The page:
Ottawa

Ottawa H1N1 wristbands get mixed reaction

The City of Ottawa has developed a system that will let residents wait at home instead of in cold lineups to get their H1N1 shots, but not everyone is happy with the idea.

The City of Ottawa has developed a system that will let residents wait at home instead of in cold lineups to get their H1N1 shots, but not everyone is happy with the idea.

Dr. Isra Levy, Ottawa's chief medical officer of health, announced Thursday that the city will issue single-use, non-transferable wristbands that indicate just what time each person should be at the clinic for her or his shot.

Flu clinic info

Priority groups that can get the vaccine during the next two weeks:

  • People six months to 65 years old with chronic medical conditions.
  • Pregnant women.
  • Healthy children between six months and five years of age.
  • Health-care workers.
  • Household members and care providers of infants younger than six months and of people with compromised immune systems.

Pregnant women will have the option to receive an H1N1 vaccine without adjuvants, or immune boosters, which is expected to be delivered in mid-November.

For a list of clinic hours and locations, scroll down. For more detailed information and to download the consent form, visit the City of Ottawa's H1N1 vaccination website.

But the new wristbands were also causing some frustration Friday as people had to wait several hours just to get one.

"They have to be able to do something better than this," said Kanata resident Christina Ireland as she waited at the Kanata Recreation Complex in Ottawa's west end.

"It's complete chaos. As far as I'm concerned, it makes the city look really bad," said Amadeo Melone.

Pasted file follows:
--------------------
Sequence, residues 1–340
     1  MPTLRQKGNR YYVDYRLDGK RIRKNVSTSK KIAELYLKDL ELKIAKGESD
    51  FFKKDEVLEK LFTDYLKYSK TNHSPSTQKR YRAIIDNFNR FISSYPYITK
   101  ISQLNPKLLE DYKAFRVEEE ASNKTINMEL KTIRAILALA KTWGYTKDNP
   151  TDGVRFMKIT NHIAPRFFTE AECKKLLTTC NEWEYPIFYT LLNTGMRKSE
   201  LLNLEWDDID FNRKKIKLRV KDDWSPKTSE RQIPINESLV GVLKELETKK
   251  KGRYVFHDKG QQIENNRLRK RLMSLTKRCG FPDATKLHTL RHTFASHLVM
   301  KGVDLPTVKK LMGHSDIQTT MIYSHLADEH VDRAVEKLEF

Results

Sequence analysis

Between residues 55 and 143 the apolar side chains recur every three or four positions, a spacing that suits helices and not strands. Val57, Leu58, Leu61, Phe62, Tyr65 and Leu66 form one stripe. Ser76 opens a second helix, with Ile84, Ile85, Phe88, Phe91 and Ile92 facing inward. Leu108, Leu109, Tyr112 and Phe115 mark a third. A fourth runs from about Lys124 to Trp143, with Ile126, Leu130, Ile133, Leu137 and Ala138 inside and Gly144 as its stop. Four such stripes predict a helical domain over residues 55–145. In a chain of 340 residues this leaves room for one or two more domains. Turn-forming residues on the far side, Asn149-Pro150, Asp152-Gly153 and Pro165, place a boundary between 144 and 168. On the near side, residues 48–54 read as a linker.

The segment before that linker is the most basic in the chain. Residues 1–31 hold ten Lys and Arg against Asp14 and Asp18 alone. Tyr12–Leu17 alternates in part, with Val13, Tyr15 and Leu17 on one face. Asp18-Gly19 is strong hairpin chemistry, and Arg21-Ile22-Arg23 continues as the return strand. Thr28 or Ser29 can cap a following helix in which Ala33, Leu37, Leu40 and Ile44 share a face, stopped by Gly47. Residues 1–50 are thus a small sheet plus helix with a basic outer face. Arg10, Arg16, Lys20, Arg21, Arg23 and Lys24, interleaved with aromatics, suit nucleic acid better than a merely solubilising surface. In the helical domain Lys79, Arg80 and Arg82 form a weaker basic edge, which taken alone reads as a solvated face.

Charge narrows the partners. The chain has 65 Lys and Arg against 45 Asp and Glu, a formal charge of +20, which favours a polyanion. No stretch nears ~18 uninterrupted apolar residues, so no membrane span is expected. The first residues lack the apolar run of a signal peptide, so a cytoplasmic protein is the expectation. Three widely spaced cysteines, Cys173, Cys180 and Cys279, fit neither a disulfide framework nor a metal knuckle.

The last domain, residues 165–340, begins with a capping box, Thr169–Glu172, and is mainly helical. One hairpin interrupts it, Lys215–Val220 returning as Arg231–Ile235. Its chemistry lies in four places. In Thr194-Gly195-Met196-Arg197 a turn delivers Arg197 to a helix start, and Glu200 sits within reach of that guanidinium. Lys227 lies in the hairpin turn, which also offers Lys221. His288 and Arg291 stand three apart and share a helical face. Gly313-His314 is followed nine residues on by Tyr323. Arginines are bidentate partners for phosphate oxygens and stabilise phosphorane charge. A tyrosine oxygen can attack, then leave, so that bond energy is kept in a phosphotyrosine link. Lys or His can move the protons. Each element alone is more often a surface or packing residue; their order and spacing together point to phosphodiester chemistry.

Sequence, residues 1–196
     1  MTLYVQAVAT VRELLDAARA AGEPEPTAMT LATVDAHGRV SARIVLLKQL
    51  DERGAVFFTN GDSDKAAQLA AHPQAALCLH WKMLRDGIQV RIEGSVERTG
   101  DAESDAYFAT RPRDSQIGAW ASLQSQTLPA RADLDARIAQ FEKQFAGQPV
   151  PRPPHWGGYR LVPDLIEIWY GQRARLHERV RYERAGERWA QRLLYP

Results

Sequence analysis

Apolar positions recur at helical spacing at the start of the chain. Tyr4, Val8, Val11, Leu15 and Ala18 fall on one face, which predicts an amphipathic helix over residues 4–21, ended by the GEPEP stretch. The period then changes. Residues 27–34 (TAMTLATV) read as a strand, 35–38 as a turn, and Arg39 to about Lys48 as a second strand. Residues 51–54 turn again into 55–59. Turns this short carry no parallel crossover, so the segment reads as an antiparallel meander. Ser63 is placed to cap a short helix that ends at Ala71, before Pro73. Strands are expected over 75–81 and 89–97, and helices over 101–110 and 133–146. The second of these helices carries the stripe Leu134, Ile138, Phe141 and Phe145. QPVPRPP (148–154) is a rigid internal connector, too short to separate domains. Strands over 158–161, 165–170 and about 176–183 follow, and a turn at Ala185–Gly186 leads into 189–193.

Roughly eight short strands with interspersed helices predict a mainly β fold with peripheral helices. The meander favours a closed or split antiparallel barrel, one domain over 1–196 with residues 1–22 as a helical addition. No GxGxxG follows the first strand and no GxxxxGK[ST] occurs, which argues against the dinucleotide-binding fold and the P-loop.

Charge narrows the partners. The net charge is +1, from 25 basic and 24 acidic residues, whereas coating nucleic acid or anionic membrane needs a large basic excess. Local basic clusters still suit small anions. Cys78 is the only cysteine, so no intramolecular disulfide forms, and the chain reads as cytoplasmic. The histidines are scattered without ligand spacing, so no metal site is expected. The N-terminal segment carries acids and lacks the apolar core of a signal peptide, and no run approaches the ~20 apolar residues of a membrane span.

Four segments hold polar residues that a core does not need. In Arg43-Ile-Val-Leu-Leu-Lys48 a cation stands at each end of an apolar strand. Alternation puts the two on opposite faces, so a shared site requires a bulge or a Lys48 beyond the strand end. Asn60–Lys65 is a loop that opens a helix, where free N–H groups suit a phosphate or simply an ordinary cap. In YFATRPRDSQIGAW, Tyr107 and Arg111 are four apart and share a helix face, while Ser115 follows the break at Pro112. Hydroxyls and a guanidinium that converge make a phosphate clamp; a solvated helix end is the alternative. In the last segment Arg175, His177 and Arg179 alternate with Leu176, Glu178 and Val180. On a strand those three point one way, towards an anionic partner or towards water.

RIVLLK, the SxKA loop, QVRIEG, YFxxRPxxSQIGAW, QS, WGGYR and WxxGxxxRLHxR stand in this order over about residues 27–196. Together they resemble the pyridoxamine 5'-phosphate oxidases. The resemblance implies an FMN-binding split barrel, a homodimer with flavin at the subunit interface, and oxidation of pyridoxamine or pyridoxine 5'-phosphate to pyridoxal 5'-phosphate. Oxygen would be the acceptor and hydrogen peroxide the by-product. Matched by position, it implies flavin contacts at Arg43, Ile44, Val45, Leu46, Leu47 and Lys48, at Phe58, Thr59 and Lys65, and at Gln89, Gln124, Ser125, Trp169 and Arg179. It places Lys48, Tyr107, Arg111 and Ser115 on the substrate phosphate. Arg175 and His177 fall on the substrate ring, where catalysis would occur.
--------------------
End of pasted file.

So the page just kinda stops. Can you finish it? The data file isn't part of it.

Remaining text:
At various clinics across the city, people were given conflicting information about the new system.

"We need some consistency that they will be given out this many hours before the clinic starts, whether you need to have your children with you or not, to get a bracelet," said the councillor for the area, Marianne Wilkinson.

"These are the questions that have been changing day-to-day and making it very difficult for people," she said.

The city wanted to make it easier with its wristband idea. You get a bracelet with a time on it for you to return for your shot.

The idea is you can do something else in the meantime.

"So it's just a little change in the process to allow us to be more adaptable to the volume we're dealing with," said John Ash, the city's manager of integrated safety.

There was a more positive reaction to the wristbands at the Orléans Client Service Centre in Ottawa's east end, even though the waiting line stretched about 200 metres along the outside of the building.

It was cold and damp, but spirits lifted when people got their bracelets.

"I'm relieved, and I feel sorry for the rest of them waiting in line behind me," said Patricia McKenzie.

"We came on Monday and tried to get [the H1N1 shot] as well. We ended up missing out on it. It's a relief to know that we are finally going to get it," said Dave Sprott.